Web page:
One of the hottest new night spots in New York is an intimate space called 54 Below, built underneath the Studio 54 theater, which was once home to some wild parties during the height of the disco era.
It’s the newest venue for a wide assortment of Broadway stars (and would-be stars) to showcase different aspects of their talents.
In just a few short months, it has hosted veterans like Patti LuPone, Ben Vereen, Linda Lavin and Leslie Uggams, and up-and-coming performances like Laura Osnes, who starred in “Bonnie & Clyde.” Most of the artists are taking chances on new kinds of programs that are giving the club an exciting buzz.
It sounds like a musical theater lover’s dream land, and now you can get a sense of what it’s like at home in two new recordings, the first in a series that Broadway Records launched with 54 Below.
The first two releases feature two Tony winners — LuPone, who won for “Evita,” and Norbert Leo Butz, who won his for “Dirty Rotten Scoundrels” and “Catch Me if You Can.” CDs by Andrea McArdle (Broadway’s original “Annie”) and Christiane Noll are due in the coming months.
I generally love live concert recordings because there’s an extra level of electricity you don’t get in a studio. You can hear the way the performer connects with the audience, the occasional impromptu asides, and the introductions or backgrounds of the chosen songs which lend a greater level of understanding. They also help you feel like you’re there live.
These two new recordings are winners in style and substance.
LuPone’s “Far Away Places” takes on an international tone as she sings about her wanderlust, leading the listener on a musical journey around the world with Kurt Weill and Bertolt Brecht’s “Pirate Jenny” from “The Three-penny Opera,” Cole Porter’s “Come to the Supermarket (In Old Peking),” and such songs as “Traveling Light” and “Gypsy in My Soul.”
She’s in great voice and is often hilarious in these concert settings, with a dramatic touch. LuPone knows how to find humor in whatever setbacks she faces. There’s something in her voice when she’s speaking that invites you to follow along, and her sublime singing just makes you want to travel to hear her live.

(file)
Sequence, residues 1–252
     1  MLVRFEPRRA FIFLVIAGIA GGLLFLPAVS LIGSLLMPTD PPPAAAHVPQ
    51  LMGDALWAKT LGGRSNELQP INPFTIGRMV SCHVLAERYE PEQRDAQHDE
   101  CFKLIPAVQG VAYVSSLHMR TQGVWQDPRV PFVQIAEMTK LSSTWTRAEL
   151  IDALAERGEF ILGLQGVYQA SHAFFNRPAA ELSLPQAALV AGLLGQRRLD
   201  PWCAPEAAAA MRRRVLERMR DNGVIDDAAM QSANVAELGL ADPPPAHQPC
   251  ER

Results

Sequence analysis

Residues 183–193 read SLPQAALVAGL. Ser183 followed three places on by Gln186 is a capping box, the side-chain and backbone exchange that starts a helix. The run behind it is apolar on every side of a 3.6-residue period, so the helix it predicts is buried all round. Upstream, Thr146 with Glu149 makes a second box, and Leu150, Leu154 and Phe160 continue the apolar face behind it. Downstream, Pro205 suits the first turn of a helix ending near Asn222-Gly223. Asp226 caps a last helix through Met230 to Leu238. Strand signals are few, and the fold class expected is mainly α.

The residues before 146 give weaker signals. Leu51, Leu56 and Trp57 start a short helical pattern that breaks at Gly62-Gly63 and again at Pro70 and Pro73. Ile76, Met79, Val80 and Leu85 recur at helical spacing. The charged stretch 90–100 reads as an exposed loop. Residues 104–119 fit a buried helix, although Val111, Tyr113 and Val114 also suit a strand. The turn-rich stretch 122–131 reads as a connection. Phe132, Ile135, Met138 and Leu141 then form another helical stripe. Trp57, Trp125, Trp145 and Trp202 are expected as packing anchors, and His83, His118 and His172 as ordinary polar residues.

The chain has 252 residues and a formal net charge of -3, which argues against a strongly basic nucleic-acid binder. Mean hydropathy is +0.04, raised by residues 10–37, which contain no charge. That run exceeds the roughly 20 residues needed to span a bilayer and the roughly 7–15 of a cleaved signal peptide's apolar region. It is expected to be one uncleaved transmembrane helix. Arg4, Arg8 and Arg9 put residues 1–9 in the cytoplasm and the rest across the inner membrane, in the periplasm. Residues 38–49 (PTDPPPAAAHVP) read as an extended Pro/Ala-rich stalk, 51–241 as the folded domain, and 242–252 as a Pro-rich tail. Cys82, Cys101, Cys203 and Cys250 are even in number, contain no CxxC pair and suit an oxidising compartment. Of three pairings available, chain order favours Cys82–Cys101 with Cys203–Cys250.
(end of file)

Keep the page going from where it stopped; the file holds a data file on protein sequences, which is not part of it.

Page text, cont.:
Butz may have made his name on Broadway (and off), but his album reveals a different kind of easy style that suits his voice.
His recording, “Memory & Mayhem,” features some bluesy, funky, rock-pop songs that include Van Morrison’s “The Way Young Lovers Do,” Rowland Salley’s “Killing the Blues,” Jimmy Webb’s “If These Walls Could Speak” “Poison and Wine” by the Civil Wars or Kurt Elling’s “The Waking,” set to a Theodore Roethke poem.
Theater fans expecting a program of show tunes might be disappointed, but we should delight in hearing artists growing or demonstrating something we didn’t know they could or wanted to do. Otherwise, we’re no better than back-seat directors or producers who typecast performers in certain kinds of roles.
Butz brings an actor’s sensibility to each song. So there’s meaning in Roethke’s lyrics: “I wake to sleep, and take my waking slow. I feel my fate in what I cannot fear. I learn by going where I have to go.”
There is a touch of theater music, like the quirky “I Could be in Love with Someone Like You,” by Jason Robert Brown from “The Last Five Years,” where I first saw the actor. And he finds a way of working in lines from “Great Big Stuff” from “Scoundrels” into a frenetic version of “16 Tons.”
Like LuPone, he’s on a journey through life and the world, exploring what’s out there.
Here's a sample of LuPone performing at 54 Below
And here's a clip of Butz performing a song from "Catch Me if You Can" on the 2011 Tony Awards:
Coming up: I’ll be hosting a post-show HT Talkback for “Glengarry Glen Ross” at Asolo Repertory Theatre on Feb. 26. Come join the conversation. 351-8000; asolorep.org